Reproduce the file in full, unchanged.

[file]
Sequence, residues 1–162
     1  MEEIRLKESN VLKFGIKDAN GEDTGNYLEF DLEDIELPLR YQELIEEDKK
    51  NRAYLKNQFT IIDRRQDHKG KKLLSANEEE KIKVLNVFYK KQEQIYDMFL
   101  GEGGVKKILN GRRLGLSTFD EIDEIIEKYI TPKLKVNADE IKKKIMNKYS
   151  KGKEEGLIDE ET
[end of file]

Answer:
Sequence, residues 1–162
     1  MEEIRLKESN VLKFGIKDAN GEDTGNYLEF DLEDIELPLR YQELIEEDKK
    51  NRAYLKNQFT IIDRRQDHKG KKLLSANEEE KIKVLNVFYK KQEQIYDMFL
   101  GEGGVKKILN GRRLGLSTFD EIDEIIEKYI TPKLKVNADE IKKKIMNKYS
   151  KGKEEGLIDE ET